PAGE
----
This may be about as good as I can expect. I'd prefer, though, that the multiplied polynomial --if there must be one-- have an unambiguous sign (and vanish only trivially).

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Nonsensical thought: start with the trivial matrix you wrote $\begin{pmatrix}\cdot & 0 \\ 0 & 1\end{pmatrix}$ and apply determinant-preserving row and column operations? –  user2468 Mar 29 '12 at 19:55
What are '"pseudo-face" areas'? –  Salech Alhasov Mar 29 '12 at 20:03
@Salech Pseudo-face areas are the areas of a tetrahedron's pseudo-faces! You can think of a pseudo-face as the shadow when projecting the tetrahedron into a plane parallel to a particular pair of opposite edges. The pseudo-face areas also "complete" a Law of Cosines for tetrahedra involving face areas and dihedral angles. For information, see here: daylateanddollarshort.com/math/pdfs/pseudofaces.pdf –  Blue Mar 29 '12 at 20:12
@Day Late Don, thank you for that information! –  Salech Alhasov Mar 29 '12 at 20:30
@Salech: There's more where that came from! :) daylateanddollarshort.com/math/research-dron.html –  Blue Mar 29 '12 at 20:33
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By Jove, I think I've got it!

I rectified the non-symmetricality of my original, non-symmetric determinant by adding an obvious $w$-specific row and column. This didn't work, but I thought, "How about doing the '1's thing, too?" Bingo!

$$\left|\begin{array}{ccccc} 2 w^2 & h^2 - w^2 - x^2 & j^2 - w^2 - y^2 & k^2 - w^2 - z^2 & 1 \\ h^2 - w^2 - x^2 & 2 x^2 & k^2 - x^2 - y^2 & j^2 - z^2 - x^2 & 1 \\ j^2 - w^2 - y^2 & k^2 - x^2 - y^2 & 2 y^2 & h^2 - y^2 - z^2 & 1 \\ k^2 - w^2 - z^2 & j^2 - x^2 - x^2 & h^2 - y^2 - z^2 & 2 z^2 & 1 \\ 1 & 1 & 1 & 1 & 0 \end{array}\right| = - 32 \cdot 81 V^4$$

The great thing about those "$1$"s ---especially with the "$0$" in the corner--- is that they facilitate quick-and-easy determinant-preserving row and column clean-up. I'm free, for instance, to add $w^2$ to the polynomials in the first row, and again in the first column; $x^2$ in the second row and second column; etc.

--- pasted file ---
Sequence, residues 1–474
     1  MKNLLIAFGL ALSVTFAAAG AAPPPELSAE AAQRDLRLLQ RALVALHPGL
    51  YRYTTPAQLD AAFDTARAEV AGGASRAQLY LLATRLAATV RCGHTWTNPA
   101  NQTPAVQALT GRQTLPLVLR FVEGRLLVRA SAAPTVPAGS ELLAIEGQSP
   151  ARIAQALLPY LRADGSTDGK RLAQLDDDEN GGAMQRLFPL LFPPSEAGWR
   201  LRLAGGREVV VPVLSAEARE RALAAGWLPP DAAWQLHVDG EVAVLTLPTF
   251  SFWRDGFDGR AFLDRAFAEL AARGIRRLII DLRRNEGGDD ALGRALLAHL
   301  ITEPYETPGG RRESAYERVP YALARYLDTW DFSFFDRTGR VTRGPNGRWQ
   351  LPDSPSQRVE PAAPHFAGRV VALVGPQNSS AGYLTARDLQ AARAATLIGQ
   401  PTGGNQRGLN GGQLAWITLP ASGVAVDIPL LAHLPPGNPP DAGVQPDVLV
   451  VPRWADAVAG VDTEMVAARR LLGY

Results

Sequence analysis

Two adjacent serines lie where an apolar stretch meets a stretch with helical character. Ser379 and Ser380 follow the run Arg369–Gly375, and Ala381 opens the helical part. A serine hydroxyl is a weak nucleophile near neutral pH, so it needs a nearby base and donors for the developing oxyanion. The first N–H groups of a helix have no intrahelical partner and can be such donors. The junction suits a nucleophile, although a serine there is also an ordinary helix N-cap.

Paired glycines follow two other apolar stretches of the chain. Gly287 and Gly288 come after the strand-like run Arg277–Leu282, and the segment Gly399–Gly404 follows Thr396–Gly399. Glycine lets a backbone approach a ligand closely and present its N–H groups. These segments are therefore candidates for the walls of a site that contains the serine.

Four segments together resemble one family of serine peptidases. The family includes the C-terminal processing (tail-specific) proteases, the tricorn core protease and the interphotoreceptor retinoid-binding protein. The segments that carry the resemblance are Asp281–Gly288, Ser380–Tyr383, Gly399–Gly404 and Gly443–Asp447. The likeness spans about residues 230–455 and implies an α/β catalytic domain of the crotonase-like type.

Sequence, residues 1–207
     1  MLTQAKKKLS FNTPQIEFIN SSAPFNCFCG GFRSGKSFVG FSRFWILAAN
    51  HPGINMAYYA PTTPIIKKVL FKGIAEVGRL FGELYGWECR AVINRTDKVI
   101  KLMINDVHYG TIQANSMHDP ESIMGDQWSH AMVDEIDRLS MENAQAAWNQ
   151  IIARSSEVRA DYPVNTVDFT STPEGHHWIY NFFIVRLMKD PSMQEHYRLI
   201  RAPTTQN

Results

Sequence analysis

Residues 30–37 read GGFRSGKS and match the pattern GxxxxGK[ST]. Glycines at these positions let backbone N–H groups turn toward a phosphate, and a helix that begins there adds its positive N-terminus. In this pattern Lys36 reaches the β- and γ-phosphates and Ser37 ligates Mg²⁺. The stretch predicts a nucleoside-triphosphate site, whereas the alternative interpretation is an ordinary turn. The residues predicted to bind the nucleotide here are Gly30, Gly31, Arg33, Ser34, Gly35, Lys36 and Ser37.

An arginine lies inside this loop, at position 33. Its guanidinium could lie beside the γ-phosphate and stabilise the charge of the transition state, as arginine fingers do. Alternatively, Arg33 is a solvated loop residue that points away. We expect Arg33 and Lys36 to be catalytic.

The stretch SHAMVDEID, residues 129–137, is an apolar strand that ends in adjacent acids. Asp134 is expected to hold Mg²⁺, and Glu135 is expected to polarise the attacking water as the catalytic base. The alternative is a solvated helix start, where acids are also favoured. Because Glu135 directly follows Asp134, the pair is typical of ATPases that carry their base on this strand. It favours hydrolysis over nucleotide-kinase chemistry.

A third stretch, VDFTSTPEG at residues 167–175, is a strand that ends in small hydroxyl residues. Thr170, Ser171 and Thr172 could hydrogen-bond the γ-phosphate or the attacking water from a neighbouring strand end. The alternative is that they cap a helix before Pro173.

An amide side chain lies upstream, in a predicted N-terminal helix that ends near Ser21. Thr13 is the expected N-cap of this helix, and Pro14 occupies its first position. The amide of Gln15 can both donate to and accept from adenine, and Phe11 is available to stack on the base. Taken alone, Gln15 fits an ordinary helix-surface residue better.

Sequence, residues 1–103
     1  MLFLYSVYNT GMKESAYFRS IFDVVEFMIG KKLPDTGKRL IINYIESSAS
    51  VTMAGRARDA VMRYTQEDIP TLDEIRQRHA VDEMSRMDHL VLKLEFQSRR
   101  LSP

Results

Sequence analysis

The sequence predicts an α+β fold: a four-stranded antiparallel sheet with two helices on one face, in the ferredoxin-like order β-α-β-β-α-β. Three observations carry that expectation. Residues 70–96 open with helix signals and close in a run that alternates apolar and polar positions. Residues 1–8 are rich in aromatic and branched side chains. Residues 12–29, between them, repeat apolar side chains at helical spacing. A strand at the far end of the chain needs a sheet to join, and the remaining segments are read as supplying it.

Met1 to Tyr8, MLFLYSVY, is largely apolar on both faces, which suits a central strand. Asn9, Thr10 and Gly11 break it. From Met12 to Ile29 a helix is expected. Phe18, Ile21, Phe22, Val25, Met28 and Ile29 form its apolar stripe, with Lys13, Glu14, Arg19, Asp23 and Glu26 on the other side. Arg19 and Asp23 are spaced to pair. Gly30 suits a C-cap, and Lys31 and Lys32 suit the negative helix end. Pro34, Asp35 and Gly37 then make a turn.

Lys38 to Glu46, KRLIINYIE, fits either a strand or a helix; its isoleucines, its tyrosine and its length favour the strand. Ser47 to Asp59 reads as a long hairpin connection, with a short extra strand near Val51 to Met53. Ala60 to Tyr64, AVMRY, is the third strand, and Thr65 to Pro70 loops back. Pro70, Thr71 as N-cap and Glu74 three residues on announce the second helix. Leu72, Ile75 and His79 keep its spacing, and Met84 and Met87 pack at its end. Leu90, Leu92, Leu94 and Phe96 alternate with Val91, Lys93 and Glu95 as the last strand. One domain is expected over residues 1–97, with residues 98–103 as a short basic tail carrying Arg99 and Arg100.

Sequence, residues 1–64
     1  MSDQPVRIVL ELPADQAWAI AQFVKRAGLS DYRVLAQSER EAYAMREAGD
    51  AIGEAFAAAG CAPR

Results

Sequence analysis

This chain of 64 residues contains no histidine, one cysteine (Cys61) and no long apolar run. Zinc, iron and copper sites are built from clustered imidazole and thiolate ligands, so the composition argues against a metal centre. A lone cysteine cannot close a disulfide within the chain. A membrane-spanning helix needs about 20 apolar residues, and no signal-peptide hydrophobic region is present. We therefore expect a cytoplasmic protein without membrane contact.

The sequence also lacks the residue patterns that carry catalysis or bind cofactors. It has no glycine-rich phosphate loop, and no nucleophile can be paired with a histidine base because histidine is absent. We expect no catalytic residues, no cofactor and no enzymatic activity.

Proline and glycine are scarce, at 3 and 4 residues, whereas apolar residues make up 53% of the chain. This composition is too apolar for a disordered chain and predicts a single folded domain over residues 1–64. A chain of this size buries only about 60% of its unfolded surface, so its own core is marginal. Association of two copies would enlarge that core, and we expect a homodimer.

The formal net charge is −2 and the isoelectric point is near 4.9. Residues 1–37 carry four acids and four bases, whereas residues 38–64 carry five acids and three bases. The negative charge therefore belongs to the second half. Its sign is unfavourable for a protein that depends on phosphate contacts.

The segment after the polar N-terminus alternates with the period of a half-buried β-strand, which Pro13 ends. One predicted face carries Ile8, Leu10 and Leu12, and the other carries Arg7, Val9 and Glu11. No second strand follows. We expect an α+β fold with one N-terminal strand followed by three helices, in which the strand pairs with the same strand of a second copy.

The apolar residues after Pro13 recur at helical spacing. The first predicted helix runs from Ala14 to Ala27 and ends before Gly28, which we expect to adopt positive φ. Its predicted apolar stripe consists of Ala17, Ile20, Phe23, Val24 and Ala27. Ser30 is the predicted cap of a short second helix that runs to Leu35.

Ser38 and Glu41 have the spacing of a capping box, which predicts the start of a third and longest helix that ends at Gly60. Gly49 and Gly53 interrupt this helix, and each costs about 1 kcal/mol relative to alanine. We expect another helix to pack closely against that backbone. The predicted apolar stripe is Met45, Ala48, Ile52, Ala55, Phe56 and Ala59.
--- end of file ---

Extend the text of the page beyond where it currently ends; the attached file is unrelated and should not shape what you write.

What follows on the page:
$$\Delta^{\star} := \left|\begin{array}{ccccc} 4 w^2 & h^2 & j^2 & k^2 & 1 \\ h^2 & 4 x^2 & k^2 & j^2 & 1 \\ j^2 & k^2 & 4 y^2 & h^2 & 1 \\ k^2 & j^2 & h^2 & 4 z^2 & 1 \\ 1 & 1 & 1 & 1 & 0 \end{array}\right| = - 32 \cdot 81 V^4$$

(I never suspected that the result I was after would be dominated by pseudo-face elements!)

I'm not sure this is the very-best counterpart to the matrix of the Cayley-Menger determinant (call it $\Delta$) ---the minors of my matrix aren't as interesting as the minors of the $\Delta$ matrix--- but at least I have a clean way to express a counterpart of Menger's Theorem:

Menger's Theorem. An ordered sextuple of edge lengths $(a,b,c,d,e,f)$ determines an actual, non-degenerate tetrahedron --with edges $a,b,c$ opposite respective edges $d,e,f$-- if and only if

• The Heronic products $[d,e,f]$, $[d,b,c]$, $[a,e,c]$, $[a,b,f]$ are all positive.
• The Cayley-Menger determinant, $\Delta$, is positive.

And now, my "hedronometric" (face-based) form ...

Hedronometric Menger's Theorem. An ordered septuple of areas $(w,x,y,z;h,j,k)$ determines an actual, non-degenerate tetrahedron --with pseudo-faces $h,j,k$ associated with respective face-pair pairs $(w,x;y,z)$, $(w,y;z,x)$, $(w,z;x,y)$-- if and only if

• $w^2+x^2+y^2+z^2 = h^2 + j^2 + k^2$
• The Heronic products $[h,w,x]$, $[h,y,z]$, $[j,w,y]$, $[j,z,x]$, $[k,w,z]$, $[k,x,y]$ are all positive.
• The determinant $\Delta^{\star}$ is negative.

Time to update my bloog post on the subject!

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This may be related: math.stackexchange.com/questions/394031/… –  Daved May 17 '13 at 0:41

Ok, so starting with that interesting matrix you found: $$N := \left|\begin{array}{cccccc} 0 & z^2 & y^2 & h^2 & y^2 & z^2 \\ z^2 & 0 & x^2 & x^2 & j^2 & z^2 \\ y^2 & x^2 & 0 & x^2 & y^2 & k^2 \\ h^2 & x^2 & x^2 & 0 & w^2 & w^2 \\ y^2 & j^2 & y^2 & w^2 & 0 & w^2 \\ z^2 & z^2 & k^2 & w^2 & w^2 & 0 \end{array}\right| \qquad \mathrm{det}N = -\left(81 V^4\right)^2$$

You can start to remove the negative part of the determinant, if you ...

Reverse the order of columns (three interchanges) $$N := \left|\begin{array}{cccccc} z^2 & y^2 & h^2 & y^2 & z^2 & 0 \\ z^2 & j^2 & x^2 & x^2 & 0 & z^2 \\ k^2 & y^2 & x^2 & 0 & x^2 & y^2 \\ w^2 & w^2 & 0 & x^2 & x^2 & h^2 \\ w^2 & 0 & w^2 & y^2 & j^2 & y^2 \\ 0 & w^2 & w^2 & k^2 & z^2 & z^2 \end{array}\right| \qquad \mathrm{det}N = \left(81 V^4\right)^2$$

Or reverse the order of rows (three interchanges) $$N := \left|\begin{array}{cccccc} z^2 & z^2 & k^2 & w^2 & w^2 & 0 \\ y^2 & j^2 & y^2 & w^2 & 0 & w^2 \\ h^2 & x^2 & x^2 & 0 & w^2 & w^2 \\ y^2 & x^2 & 0 & x^2 & y^2 & k^2 \\ z^2 & 0 & x^2 & x^2 & j^2 & z^2 \\ 0 & z^2 & y^2 & h^2 & y^2 & z^2 \end{array}\right| \qquad \mathrm{det}N = \left(81 V^4\right)^2$$

For every interchange of rows or columns, the determinant multiplies by $-1$.

And... That's all I got. If I put either matrix into mathematica to find the square root, the evaluation continues indefinitely. So now the quest is now to find the square root. Good Luck!

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Thanks for the input, but the negative sign wasn't the roadblock (and fixing it isn't worthy of the bounty). –  Blue Nov 18 '12 at 1:44
I didn't put this up for the bounty... :| –  Zchpyvr Nov 18 '12 at 1:49
Rather, I wanted to help others find a possible solution based on my initial approach. And if my end result isn't helpful or conducive, then oh well. I conceded my inability to solve it at the end of my answer. So I agree, this answer isn't worthy of the bounty, and shouldn't be selected. –  Zchpyvr Nov 18 '12 at 1:52